Hint: The Kudankulam Nuclear Power Plant (KNPP) is being developed by the Nuclear Power Corporation of India (NPCIL) at 650 kilometres south of Chennai, in the Tirunelveli district of Tamil Nadu, India. Two units are already installed and the construction of units three and four, which started in 2016 will be operational by 2023. The power plant will have a total capacity of 6000 MW upon final commissioning of its six units.
Construction of The Kudankulam power plant started in 1998 under the supervision of NPCIL and Rosatom, the initial cost was designed to be 140 billion Indian rupees (2.47 billion dollars) and the total cost of the project for the six units is Rs 1.11 trillion Indian rupees (16.3 billion dollars). Phase one of the construction started in 2001 and the first two units were commissioned in 2013 and 2016 respectively. Kudankulam nuclear power plant has 60 years of production life that can be extended by another 20 . The first unit of the plant supplies power at a cheaper rate of about 3.89 rupees per unit. Kudankulam is the first nuclear power plant in India to use imported PWR technology. These nuclear power plants use pressurised heavy water reactor technology or boiling water reactor technology. KNPP uses VVER 1000 type reactors, also known as water-water power reactors, an improved variant of Russian-developed PWR nuclear technology. More than 1500 years of operational time have been achieved by VVER technology. Atoms troy export, a subsidiary of Rosatom, the Russian State Nuclear Energy Agency, is responsible for technical design, supervision of the construction and technical support for the commissioning of the reactor, as well as training in the operation and maintenance and procurement of equipment and materials. The machines at the plant are configured by Bharat Heavy Electricals and construction, erection and commissioning are undertaken by NPCIL. In the building of units one and two, HCC India was involved.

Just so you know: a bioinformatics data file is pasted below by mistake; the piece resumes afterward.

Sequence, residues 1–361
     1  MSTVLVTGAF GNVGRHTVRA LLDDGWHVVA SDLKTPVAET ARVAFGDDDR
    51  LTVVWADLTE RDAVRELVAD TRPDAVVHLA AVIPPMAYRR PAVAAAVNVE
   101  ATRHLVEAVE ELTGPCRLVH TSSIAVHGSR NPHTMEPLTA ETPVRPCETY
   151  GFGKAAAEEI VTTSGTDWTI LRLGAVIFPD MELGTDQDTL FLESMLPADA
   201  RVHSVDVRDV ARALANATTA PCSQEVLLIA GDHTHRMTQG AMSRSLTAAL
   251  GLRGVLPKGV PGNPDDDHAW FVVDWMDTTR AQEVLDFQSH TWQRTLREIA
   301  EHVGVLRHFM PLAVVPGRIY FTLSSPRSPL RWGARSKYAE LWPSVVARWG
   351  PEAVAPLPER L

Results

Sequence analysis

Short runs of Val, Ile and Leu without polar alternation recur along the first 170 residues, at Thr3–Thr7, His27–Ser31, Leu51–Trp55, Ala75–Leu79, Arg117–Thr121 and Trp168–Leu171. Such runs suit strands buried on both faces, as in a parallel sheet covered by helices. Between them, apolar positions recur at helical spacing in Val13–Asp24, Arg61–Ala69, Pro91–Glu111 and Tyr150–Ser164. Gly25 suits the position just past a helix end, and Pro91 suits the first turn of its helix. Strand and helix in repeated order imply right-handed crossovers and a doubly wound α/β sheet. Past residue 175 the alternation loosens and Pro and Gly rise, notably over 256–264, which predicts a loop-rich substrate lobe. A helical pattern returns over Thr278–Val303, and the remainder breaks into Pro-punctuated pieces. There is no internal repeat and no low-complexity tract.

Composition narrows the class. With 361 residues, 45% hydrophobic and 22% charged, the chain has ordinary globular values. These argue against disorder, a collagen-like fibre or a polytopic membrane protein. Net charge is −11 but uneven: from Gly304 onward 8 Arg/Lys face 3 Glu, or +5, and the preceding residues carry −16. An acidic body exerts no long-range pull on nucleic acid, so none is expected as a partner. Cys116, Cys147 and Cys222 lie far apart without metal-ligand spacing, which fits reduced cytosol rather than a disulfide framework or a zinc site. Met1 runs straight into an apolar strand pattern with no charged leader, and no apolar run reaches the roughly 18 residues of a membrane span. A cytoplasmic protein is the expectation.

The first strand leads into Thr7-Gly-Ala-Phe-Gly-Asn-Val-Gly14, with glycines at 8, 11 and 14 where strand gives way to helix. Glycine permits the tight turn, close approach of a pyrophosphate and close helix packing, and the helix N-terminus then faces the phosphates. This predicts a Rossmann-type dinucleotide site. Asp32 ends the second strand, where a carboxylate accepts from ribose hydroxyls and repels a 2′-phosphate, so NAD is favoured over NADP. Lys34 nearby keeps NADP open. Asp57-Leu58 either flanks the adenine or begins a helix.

Hence, the correct answer is option (C).
Note: Since its inception, Kudankulam NPP has been a contentious project, with protests by local residents and different environmental groups over possible radiation risks and concerns related to the disposal of nuclear waste. KNPP is reportedly situated in a tsunami-prone area and in the case of any
nuclear disaster, more than one million people living within a 30 km radius of the nuclear power plant cannot be safely evacuated. At the forefront of the anti-Kudankulam drive is the People’s Movement Against Nuclear Energy (PMANE). Opposition to the plant was further fuelled by the discovery of four defective critical valves in the Kudankulam reactors and the arrest of Russian officials for sourcing substandard materials for nuclear equipment.